-H 'Accept-Language: en-US,en;q=0.5' --compressed -H 'DNT: 1' \
    -H 'Connection: keep-alive' -H 'Upgrade-Insecure-Requests: 1' \
    -H 'Sec-Fetch-Dest: document' -H 'Sec-Fetch-Mode: navigate' \
    -H 'Sec-Fetch-Site: same-origin' -H 'Sec-GPC: 1' \
    -H 'Cache-Control: max-age=0' -H 'TE: trailers'

There is also httpie. It offers easier syntax for HTML query strings or headers. Here's a comparison;

δ curl -L -G -d 'q=httpie' -d 'per_page=1' | jq
δ http q==httpie per_page==1 # json formatting built in

ip (ipconfig/ifconfig)

ip is most useful for checking your computer's networking configuration. ip address will list addresses and ip link will list the network devices (which will be the loopback device and the ethernet/Wi-Fi card for most of us). ip route gives the route table. Unless you have configured the route table, your computer is currently sending everything to your home modem by default. The address, link, route etc. are called "objects" and we can abbreviate them, ip will get what we mean;

δ ~ ip a
1: lo: <LOOPBACK,UP,LOWER_UP> mtu 65536 qdisc noqueue state UNKNOWN group default qlen 1000
    link/loopback 00:00:00:00:00:00 brd 00:00:00:00:00:00
    inet scope host lo
       valid_lft forever preferred_lft forever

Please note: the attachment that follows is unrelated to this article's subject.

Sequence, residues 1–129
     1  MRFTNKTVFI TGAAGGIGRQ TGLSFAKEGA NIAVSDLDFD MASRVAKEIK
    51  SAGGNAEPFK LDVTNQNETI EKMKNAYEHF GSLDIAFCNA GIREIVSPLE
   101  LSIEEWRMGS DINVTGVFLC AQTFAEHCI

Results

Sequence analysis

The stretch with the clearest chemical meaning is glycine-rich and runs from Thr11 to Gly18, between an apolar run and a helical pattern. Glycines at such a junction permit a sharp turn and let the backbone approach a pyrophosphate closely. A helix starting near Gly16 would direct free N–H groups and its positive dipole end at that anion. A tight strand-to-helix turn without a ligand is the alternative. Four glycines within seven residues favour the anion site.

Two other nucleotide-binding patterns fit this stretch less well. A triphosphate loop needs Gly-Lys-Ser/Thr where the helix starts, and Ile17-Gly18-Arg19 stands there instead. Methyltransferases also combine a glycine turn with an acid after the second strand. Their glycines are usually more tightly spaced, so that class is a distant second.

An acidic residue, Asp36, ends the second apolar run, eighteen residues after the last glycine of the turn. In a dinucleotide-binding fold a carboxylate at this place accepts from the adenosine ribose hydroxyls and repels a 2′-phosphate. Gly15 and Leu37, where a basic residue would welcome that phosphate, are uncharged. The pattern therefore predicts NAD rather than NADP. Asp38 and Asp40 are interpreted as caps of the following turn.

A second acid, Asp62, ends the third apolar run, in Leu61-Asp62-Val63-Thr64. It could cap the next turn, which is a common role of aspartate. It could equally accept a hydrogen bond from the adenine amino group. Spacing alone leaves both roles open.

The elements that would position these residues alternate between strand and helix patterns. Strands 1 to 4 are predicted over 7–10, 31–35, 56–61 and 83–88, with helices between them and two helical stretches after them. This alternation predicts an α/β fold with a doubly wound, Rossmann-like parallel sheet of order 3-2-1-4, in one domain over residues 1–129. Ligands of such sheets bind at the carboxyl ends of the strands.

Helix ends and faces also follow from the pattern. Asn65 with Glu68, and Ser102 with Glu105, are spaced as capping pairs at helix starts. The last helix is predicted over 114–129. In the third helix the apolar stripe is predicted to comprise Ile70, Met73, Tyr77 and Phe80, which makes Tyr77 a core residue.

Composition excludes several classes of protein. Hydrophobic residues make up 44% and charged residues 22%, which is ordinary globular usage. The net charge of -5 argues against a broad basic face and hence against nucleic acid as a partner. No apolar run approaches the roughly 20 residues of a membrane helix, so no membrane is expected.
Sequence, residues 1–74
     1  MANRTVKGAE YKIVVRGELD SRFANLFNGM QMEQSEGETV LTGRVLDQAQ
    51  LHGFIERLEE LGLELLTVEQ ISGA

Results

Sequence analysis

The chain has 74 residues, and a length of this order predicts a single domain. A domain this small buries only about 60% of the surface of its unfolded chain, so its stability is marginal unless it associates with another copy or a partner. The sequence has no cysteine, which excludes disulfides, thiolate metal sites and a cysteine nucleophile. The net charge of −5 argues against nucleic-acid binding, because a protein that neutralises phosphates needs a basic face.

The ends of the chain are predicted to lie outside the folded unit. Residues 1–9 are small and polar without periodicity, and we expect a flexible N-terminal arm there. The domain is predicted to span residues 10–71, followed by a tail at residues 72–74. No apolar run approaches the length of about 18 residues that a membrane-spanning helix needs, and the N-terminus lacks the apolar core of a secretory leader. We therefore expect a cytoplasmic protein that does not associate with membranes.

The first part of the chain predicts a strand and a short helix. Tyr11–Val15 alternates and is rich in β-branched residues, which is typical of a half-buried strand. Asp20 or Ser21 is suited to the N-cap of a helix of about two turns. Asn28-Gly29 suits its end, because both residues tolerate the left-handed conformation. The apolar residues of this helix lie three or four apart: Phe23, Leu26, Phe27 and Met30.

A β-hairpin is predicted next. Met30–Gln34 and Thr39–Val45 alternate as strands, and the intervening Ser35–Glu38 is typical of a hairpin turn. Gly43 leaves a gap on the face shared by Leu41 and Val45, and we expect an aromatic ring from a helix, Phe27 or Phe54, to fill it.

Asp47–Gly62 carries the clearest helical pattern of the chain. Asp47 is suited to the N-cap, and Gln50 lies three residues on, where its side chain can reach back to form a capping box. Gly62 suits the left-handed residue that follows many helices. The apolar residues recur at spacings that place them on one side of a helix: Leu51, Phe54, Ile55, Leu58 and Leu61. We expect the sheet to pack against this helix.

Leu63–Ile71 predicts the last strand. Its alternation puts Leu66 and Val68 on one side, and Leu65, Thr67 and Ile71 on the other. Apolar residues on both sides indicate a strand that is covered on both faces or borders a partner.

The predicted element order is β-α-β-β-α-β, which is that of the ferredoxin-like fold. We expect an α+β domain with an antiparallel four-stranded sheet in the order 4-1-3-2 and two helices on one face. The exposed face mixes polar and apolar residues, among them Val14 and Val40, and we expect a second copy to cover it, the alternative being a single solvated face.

inet6 ::1/128 scope host
       valid_lft forever preferred_lft forever
2: eno1: <BROADCAST,MULTICAST,UP,LOWER_UP> mtu 1500 qdisc fq_codel state UP group default qlen 1000
    link/ether eb:2a:bc:e9:7b:91 brd ff:ff:ff:ff:ff:ff
    altname enp0s25
    inet brd scope global dynamic noprefixroute eno1
       valid_lft 2201sec preferred_lft 2201sec
    inet6 fe80::fcfc:fab6:d3b3:2e1b/64 scope link noprefixroute
       valid_lft forever preferred_lft forever
The highlighted line shows the IPv4 address of the `eno1` interface.

For advanced use cases, ip can also manipulate the network configuration. You can define a NAT or create network namespaces (which is what container runtimes like Docker use).


dig is used to query DNS servers.

δ dig
; <<>> DiG 9.16.22 <<>>
;; global options: +cmd
;; Got answer:
;; ->>HEADER<<- opcode: QUERY, status: NOERROR, id: 948
;; flags: qr rd ra; QUERY: 1, ANSWER: 1, AUTHORITY: 0, ADDITIONAL: 1